Monday, September 6, 2010

Seashells and Alzheimers

This weekend was family reunion weekend for my mom's side of the family. For as long as I can remember, Labor Day weekend has involved a trip to a pictueresque clubhouse situated on a rivershore to have lunch and visit with a large group of extended family. Growing up it was as close as I ever came to a beach. Families with six children do not vacation much. But, on Labor Day Sunday we would all travel up to the reunion and after the meal was over, I would escape with my siblings and scoure the shoreline for seashells, dreaming of what a real beach must be like. The shells I would find would be small and stinky, but plentiful. No matter how many years I went it was always the highlight of the day to spend hours searching and filling a cup with tiny shells that would smell up the entire car for the ride home.
For several years now I have not been back to the family reunion. Once I entered college I could not see the sense of wasting a precious three day weekend traveling to see a bunch of family that I did not know well, and at my age searching for seashells was no longer a motivating factor. I was content to drift away from the family gathering for a time. This year was different.
My Grandpa was diagnosed with Alzheimers a few months ago. When my mom called to tell me the news I felt a weight drop in my stomach. It has been awhile now since I spent much time with Grandpa, but during my childhood he was a very influential figure for me. He is a man that is unfailingly kind to everyone. His relationship with God is woven so seemlessly into his life that it overflows into every conversation and every action, not in an obnoxious "church" kind of way, but in an honest, simple way that is clearly a part of who he is at the deepest level. It has always amazed me how he could say "God bless" instead of goodbye, and never come across as holier then thou. When he says it, I know he truely is praying for God's blessing in my life. Grandpa has always been the ultimate example to me of what a relationship with God can look like.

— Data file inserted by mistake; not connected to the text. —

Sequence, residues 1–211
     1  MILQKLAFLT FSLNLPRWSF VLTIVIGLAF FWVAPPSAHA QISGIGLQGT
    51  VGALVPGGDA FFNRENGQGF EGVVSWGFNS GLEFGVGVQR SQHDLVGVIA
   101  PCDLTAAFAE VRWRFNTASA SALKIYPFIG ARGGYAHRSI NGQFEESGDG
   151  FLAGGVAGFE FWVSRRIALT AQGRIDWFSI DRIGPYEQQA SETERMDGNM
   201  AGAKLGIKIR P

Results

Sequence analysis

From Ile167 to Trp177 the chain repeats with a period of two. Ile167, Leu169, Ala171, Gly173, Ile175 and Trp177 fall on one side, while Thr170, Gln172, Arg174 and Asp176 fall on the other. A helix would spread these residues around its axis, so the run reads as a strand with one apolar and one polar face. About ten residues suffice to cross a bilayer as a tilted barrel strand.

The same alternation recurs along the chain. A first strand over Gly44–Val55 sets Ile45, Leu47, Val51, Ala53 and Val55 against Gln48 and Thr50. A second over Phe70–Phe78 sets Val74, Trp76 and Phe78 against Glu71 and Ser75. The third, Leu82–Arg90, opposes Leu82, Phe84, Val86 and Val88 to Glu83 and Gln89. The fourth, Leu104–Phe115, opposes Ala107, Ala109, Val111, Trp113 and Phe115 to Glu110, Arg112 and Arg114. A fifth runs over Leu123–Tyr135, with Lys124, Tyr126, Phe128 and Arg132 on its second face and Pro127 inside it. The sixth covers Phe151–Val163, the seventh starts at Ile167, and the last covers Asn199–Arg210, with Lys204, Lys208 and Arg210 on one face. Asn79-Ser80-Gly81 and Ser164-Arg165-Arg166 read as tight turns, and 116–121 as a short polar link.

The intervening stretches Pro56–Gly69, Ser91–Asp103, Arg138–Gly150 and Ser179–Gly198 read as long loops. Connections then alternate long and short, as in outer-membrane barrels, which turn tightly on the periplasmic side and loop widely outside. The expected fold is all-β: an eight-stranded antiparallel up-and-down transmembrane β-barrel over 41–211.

Dealing with his diagnosis is difficult and it immediatly forced me to confront myself and my failure as a Granddaughter. I have been too busy living my life to invest my time and energy into my relationship with my Grandpa. And now I know my time is limited. He is in the early stages and likely has many more years with us, but even that does not seem like enough. I do not like for him to have an expiration date.
So this weekend was a particularly special family reunion as many of our family that has missed in more recent years made an effort to attend. We all know how important the reunion has always been to Grandpa, and each of us wanted to honor him by being there. We spent time together, laughed together and reminesced about old times. I felt like I spent the entire weekend trying to drink in every moment with my Grandpa. I would sit with him taking mental pictures and trying to imprint his voice and his wisdom in my mind.
Down at the shoreline I watched my niece and nephew gather shells as though they were candy, and I was reminded of all the years when I had done the same. All the times I had come to the family reunion, all the seashells I had gathered, all the years I have had with my Grandpa. I do not own a single one of those shells anymore, but my heart is filled with memories of time spent with Grandpa, and those do not have an expiration date.

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